As small people, my brother and I listened to a lot of tales from tall mountains. My Dad has been to the most mountainous area of the world too many times. Every year for thirty years he has guided a trek or peak. The Himalayas, the Karakoram, Ladakh, Tibet, Bhutan, Nepal; all these names had such a powerful mystery to us. Little wooden boxes, stones, shells, flags, cards, clothes; colourful and beautifully strange handmade gifts from remote villages made by people who didn’t look like us. It wasn’t the heroic stories of being cold and tired, summits bagged, that got me, but these little tressures and the wonder of where they’d come from that stole my imagination.
Rock climbing took me at a young age and has continued to take me all over the world. I became passionate for the feeling of rock biting my skin and the crunch of snow under crampons has never compared. You don’t go to the big mountains for rock climbing and my only trip to India took me to the boulders of Hampi, many hours south of the top of the world. So many trips, so many adventures, so much travel and yet I still hadn’t been to those places he’d spoke so much about.
I knew for a while I was going to have a shoulder operation and so I had some time to think about how best to use my recovery period. Traveling to that non-rock climbing destination I’d always wanted to go to was on the top of my list. For me, that place has always been Northern India. Of all the big mountainous regions of the Himalayas and Karakoram - Ladakh isn’t effected by the monsoon so would be a good choice.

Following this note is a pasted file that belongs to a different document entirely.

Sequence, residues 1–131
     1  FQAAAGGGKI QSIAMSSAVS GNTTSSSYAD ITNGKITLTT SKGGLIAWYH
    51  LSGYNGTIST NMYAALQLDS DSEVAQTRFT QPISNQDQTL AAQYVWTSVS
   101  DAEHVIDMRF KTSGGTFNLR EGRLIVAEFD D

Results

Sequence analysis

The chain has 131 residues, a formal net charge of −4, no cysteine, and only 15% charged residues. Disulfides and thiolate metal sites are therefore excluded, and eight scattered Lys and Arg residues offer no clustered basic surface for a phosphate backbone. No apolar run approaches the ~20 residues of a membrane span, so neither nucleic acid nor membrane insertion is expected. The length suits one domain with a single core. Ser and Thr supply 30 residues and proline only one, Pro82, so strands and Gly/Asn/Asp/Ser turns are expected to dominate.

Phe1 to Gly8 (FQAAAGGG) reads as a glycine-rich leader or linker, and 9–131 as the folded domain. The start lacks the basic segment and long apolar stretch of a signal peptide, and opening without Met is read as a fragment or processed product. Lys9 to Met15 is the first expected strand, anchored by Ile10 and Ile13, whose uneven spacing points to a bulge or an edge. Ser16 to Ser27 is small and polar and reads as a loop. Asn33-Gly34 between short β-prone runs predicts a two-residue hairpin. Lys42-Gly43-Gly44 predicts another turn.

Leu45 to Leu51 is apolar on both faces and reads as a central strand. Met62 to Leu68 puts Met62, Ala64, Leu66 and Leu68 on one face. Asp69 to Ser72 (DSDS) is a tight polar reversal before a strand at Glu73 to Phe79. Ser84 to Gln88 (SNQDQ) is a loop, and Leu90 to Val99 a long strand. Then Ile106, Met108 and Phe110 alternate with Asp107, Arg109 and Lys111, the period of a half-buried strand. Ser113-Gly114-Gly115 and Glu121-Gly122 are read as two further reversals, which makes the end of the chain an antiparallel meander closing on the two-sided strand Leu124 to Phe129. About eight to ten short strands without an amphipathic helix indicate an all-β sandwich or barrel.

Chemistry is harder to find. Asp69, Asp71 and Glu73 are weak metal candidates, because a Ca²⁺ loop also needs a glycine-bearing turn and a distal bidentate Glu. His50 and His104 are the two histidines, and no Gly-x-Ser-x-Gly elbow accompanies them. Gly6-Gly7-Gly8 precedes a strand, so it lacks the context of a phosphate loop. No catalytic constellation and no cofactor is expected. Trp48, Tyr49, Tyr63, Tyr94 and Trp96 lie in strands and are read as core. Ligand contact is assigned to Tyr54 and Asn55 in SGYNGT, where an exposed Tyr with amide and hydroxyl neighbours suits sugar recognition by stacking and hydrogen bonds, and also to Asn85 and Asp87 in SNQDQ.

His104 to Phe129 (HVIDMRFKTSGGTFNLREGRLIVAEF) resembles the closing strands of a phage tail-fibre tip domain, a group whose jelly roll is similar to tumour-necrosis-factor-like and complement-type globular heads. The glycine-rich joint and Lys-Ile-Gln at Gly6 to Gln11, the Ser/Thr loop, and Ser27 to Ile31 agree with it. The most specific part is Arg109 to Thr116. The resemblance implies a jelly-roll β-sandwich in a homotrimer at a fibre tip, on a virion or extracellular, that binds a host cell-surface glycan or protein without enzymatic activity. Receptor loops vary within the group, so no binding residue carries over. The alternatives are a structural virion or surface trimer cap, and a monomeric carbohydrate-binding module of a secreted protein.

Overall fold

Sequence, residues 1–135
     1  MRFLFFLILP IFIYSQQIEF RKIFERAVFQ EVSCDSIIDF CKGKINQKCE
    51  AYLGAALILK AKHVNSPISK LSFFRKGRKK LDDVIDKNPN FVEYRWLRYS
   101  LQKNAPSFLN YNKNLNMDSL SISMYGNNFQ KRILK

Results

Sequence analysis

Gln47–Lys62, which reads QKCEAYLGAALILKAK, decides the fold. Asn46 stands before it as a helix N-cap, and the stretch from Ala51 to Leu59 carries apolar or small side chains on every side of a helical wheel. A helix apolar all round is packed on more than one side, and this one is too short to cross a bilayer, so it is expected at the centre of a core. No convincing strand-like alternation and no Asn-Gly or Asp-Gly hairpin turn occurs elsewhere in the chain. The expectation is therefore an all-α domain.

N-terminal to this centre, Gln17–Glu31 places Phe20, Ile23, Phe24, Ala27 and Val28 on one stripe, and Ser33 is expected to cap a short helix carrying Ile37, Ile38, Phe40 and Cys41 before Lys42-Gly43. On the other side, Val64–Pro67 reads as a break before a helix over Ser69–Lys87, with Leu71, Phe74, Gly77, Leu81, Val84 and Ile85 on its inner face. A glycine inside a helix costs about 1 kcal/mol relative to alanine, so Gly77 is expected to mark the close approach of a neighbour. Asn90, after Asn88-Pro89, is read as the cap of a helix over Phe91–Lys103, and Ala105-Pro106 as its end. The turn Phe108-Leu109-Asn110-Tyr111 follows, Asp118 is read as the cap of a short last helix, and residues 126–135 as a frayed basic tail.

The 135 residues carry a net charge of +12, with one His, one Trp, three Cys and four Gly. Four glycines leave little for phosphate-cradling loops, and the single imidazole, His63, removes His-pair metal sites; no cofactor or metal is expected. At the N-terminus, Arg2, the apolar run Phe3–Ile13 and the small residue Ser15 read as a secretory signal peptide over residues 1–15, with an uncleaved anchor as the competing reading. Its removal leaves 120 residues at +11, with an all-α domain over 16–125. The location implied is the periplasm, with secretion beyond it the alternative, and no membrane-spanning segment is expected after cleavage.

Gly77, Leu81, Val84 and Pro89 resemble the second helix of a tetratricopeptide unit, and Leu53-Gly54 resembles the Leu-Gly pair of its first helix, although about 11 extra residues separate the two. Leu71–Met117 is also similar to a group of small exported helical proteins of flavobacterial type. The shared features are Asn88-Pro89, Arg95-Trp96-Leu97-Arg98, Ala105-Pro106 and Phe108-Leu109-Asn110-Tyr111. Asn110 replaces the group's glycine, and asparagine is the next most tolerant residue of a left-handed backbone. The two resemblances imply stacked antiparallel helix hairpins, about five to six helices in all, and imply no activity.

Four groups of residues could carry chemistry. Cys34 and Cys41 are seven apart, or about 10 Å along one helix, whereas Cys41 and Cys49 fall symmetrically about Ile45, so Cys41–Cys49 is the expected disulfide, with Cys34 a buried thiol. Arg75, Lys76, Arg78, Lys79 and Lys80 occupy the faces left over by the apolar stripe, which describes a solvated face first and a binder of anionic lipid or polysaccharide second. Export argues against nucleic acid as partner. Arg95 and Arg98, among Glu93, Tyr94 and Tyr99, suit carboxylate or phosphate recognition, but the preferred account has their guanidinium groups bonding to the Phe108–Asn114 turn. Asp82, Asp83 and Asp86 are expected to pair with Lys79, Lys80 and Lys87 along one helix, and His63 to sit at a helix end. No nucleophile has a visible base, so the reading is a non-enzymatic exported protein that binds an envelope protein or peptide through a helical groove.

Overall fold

I am not the most ambitious person in the world and at times I’m pretty happy to be lazy, but one thing I’m good at is when I decide to do something - actually doing it. Where most people spend at least a few weeks trying to decide whether to do something (‘it’s too expensive’, ‘not the right time’, ‘I’ll just wait and see’) in my case the flights are already booked and the bags packed. In all too many situations I find myself somewhere completely bewildered as to how I actually ended up there.
‘So hear I am, I really came to India on my own without my rock shoes.’ This feeling was so strong on my first day in Leh. Big, dry, snow capped mountains. Horns! Every person in a vehicle beeping their horn. Dusty unfinished streets, stray dogs, small shop fronts, people asking you where you’re from, fierce smells of rotten food, harsh light, prayer flags, strange faces everywhere and absolutely no order to speak of… After two months in Sheffield nursing my shoulder, not even able to run, my senses were blunt and straight off the plane, the sights, sounds and smells of India were like a much appreciated punch in the face.
The other thing I wanted to do with my recovery time is use my mind. If you can’t use your arms and legs to take you on adventures then what else is there to do but go on a mental trip? So I spent the first ten days of my trip doing a Vipassana course. Hopefully I will get round to writing something about that experience at some point (watch this space)